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Histopathology and treatment of a huge overhanging filtering bleb
© The Author(s). 2016
Received: 18 April 2016
Accepted: 23 September 2016
Published: 6 October 2016
The giant filtering bleb encroaching onto the corneal surface is a rare occurrence in our and other’s clinical experience (Kapoor and Syed, Int. Ophthalmol 31(5):403–404, 2011), even in patients having had a trabeculectomy with mitomycin C, and how it developed is debated. In this paper, we report a patient who developed a huge overhanging filtering bleb after trabeculectomy, and present our intraoperative photographs, histopathology and immunohistochemistry results.
A 62-year-old female visited our hospital due to the giant filtering bleb encroaching onto the corneal surface which was about 6 mm × 8 mm × 3 mm. We dissected the filtering bleb from the cornea and present the histopathology and immunohistochemistry results of it.
The results from histopathology and immunohistochemistry in this study are consistent with the filtering cicatrix hypothesis. However, our finding that the overhanging blebs had tight connections with the corneal tissue or corneoscleral limbus, rather than simply leaning on it, might be highly related to their development and still needs to be further studied.
An overhanging filtering bleb is a uncommon postoperative complication of trabeculectomy , and is thought to be increasing with the greater use of antimetabolites in glaucoma filtering surgery . The term overhanging filtering blebs refers to oversized filtering blebs that project over the cornea [2–4]. Patients commonly suffer symptoms that increase with the growth of the bleb. Symptoms are constant foreign body sensation, excessive tearing, sensitivity to light and visual disturbances, and are considered to be caused by tear film instability, increased astigmatism and occlusion of the visual axis by the large blebs [2–4]. Patients also generally complain of poor cosmesis . Excision of overhanging filtering blebs is recommended for patients with seriously compromised comfort and visual function [1, 2, 5]. However, how it developed is debated. In this paper, we report a patient who developed a huge overhanging filtering bleb after trabeculectomy, and present our intraoperative photographs, histopathology and immunohistochemistry results, and discussed about the mechanism of overhanging blebs formation.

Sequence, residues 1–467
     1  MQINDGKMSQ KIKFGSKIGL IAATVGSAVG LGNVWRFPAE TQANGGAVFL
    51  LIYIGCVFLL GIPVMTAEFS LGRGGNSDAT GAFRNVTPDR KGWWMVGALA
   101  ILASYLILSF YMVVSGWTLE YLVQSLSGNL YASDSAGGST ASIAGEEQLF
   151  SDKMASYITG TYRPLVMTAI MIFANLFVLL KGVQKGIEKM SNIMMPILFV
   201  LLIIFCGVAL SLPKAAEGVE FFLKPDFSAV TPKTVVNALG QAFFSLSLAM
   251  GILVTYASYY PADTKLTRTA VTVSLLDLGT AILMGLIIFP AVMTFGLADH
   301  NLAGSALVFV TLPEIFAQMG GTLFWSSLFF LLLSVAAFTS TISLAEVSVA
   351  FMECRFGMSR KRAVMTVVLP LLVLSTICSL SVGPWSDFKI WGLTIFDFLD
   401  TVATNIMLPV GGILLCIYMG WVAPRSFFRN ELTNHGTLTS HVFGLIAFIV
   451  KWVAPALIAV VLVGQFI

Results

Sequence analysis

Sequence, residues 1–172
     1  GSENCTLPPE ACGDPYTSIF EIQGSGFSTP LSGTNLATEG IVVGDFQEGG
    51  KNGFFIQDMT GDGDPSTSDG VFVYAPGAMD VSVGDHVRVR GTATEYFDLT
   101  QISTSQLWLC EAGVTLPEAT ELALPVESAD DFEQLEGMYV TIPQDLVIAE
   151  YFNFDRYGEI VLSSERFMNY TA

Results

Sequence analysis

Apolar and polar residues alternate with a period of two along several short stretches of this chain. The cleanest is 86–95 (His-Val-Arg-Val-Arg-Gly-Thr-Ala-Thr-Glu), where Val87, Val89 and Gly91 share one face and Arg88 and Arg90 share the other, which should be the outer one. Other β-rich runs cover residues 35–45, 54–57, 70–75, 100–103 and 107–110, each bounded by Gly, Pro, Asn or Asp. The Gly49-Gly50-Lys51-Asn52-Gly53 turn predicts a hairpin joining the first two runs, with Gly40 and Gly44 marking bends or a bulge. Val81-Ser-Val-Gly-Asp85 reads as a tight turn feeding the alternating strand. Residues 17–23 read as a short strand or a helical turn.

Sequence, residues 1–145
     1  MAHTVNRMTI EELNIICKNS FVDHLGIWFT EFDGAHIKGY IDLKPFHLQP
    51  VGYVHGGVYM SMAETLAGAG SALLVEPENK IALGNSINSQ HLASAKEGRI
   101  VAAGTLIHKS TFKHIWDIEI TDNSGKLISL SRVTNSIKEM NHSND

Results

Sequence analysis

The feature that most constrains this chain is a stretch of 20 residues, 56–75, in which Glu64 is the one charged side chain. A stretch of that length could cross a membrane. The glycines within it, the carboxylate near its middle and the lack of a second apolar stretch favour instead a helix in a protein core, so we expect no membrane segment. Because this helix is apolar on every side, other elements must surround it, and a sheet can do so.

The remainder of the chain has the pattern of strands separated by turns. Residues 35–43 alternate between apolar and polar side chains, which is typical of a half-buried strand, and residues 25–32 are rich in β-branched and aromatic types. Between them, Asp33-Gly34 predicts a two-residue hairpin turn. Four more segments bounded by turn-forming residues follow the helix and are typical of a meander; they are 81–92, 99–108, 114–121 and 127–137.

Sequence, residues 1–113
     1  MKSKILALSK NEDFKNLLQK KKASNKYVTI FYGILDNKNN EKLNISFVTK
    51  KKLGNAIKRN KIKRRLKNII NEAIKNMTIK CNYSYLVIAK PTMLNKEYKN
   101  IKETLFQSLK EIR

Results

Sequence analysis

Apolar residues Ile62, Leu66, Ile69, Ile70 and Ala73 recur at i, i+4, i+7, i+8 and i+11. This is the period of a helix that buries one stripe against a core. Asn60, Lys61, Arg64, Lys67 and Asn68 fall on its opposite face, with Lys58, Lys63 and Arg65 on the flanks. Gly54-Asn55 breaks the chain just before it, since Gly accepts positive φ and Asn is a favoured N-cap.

Overhanging blebs can occur days  to years  after the procedure in patients from 12 to 82 years old [4, 6] and their incidence appears to be increasing with the current liberal use of antimetabolites in glaucoma filtering surgery [2, 7]. The giant filtering bleb encroaching onto the corneal surface of this patient was about 6 mm × 8 mm × 3 mm, which is a uncommon occurrence in our and other’s clinical experience [8, 9]. In our patient, the conjunctiva of the bleb was fragile (Fig. 2i), which may have been the result of MMC application during her trabeculectomy.